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The rise of Putin
on 21 December 2014
This is an illuminating look at Putin- his background, how he rose to the presidency of Russia and from then how he led Russia. His corruption and criminality seem to have been in evidence from day one during his time in St Petersburg, the fact that such a man could continue to get promoted upwards says a lot about the sickness running through the Russian establishment.
At times this book can drag on a bit when the authors document the repressions of the regime in arguably too much detail, for instance the chapter on the rigging of elections goes through so many different examples from all across Russia that while the case is made very strongly I did find myself thinking that I had got the point twenty pages earlier.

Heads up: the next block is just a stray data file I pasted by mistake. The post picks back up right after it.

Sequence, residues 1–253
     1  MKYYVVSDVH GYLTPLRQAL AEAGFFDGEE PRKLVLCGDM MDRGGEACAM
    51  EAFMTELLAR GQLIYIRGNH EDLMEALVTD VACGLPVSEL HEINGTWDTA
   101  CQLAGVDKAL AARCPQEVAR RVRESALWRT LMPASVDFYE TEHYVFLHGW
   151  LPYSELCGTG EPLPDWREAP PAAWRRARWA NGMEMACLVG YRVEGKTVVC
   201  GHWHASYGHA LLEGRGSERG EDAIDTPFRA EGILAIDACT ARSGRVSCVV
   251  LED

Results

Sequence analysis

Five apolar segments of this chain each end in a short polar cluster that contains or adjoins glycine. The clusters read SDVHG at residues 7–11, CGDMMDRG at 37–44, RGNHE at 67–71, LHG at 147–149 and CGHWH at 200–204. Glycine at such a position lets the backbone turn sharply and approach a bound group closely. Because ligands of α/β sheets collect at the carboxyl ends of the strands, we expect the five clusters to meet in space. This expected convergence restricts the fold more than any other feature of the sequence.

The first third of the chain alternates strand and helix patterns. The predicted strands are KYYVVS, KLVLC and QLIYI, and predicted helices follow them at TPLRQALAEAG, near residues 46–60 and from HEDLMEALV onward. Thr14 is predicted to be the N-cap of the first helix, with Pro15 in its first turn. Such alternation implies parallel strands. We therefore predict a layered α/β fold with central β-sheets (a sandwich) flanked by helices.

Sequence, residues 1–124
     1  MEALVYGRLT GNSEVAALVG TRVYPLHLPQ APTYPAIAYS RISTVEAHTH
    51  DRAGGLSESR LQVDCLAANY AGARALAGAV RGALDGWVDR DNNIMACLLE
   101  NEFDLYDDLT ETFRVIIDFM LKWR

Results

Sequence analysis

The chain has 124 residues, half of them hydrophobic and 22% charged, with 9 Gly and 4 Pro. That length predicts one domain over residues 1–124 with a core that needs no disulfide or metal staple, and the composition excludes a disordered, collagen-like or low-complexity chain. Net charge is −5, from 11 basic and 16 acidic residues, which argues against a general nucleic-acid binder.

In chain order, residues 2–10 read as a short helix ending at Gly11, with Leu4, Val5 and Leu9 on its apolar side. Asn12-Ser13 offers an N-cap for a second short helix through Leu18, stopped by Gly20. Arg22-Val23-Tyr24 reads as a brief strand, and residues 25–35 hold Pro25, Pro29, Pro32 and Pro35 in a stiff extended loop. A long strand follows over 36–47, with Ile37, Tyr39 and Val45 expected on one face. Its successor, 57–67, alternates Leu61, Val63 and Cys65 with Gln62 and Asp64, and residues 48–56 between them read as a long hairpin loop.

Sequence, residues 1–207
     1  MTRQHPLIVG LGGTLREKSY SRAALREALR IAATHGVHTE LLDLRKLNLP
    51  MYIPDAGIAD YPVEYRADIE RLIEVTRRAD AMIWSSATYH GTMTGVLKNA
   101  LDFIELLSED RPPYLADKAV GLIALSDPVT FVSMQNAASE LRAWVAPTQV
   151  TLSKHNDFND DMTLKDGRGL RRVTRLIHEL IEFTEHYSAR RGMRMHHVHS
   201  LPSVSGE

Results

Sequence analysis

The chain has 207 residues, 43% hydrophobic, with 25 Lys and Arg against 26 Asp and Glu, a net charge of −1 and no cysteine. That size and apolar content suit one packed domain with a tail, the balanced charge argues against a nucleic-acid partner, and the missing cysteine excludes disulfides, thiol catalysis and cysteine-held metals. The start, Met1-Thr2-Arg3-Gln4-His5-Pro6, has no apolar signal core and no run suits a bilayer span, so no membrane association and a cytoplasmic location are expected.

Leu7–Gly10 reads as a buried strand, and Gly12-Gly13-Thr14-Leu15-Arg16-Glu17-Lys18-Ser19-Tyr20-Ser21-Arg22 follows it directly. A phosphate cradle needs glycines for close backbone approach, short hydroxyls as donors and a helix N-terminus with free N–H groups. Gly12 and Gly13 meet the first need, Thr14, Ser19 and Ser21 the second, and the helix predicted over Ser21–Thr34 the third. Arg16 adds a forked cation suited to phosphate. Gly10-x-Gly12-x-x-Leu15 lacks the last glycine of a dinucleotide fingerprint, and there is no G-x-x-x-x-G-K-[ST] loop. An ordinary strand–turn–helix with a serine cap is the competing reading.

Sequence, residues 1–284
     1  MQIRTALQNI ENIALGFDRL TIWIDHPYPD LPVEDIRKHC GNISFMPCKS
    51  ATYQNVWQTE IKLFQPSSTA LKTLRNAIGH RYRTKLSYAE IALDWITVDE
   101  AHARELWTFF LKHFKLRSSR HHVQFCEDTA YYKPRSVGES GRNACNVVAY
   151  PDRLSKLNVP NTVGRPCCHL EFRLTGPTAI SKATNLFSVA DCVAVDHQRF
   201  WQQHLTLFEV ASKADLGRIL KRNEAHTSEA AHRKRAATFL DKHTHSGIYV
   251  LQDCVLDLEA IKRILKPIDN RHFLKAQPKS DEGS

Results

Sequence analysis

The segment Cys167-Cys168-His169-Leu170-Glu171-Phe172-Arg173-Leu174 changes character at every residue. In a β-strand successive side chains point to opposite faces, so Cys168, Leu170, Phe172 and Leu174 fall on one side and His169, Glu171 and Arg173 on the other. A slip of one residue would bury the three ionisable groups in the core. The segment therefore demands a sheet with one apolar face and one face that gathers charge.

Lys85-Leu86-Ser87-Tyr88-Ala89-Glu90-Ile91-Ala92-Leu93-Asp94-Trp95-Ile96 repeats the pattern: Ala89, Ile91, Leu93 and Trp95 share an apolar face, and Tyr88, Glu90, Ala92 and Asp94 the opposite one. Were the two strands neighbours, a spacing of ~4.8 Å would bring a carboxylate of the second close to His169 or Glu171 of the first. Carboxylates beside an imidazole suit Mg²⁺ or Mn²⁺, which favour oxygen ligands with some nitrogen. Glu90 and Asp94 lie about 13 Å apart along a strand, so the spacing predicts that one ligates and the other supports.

However this thoroughness has an upside too, the evidence presented for the security services involvement in crimes like the apartment bombings, election rigging and murder is overwhelming.
The final chapter about the way Putin's Russia, like the Soviet Union before, has embarked on a widespread use of murder against critics at both home and abroad was especially disturbing. The use of poisoners to take out enemies or sometimes just inconvenient former friends is particularly sinister as it's only when it goes wrong as with Litvinenko's murder that we can even be sure that it's happened.
Rather poignantly the book finishes on a rare promising note, praising Putin for standing aside from the presidency in 2008 in line with the constitution- suggesting there may be some people who still believed in the rule of law. Since then he's back and worse than before.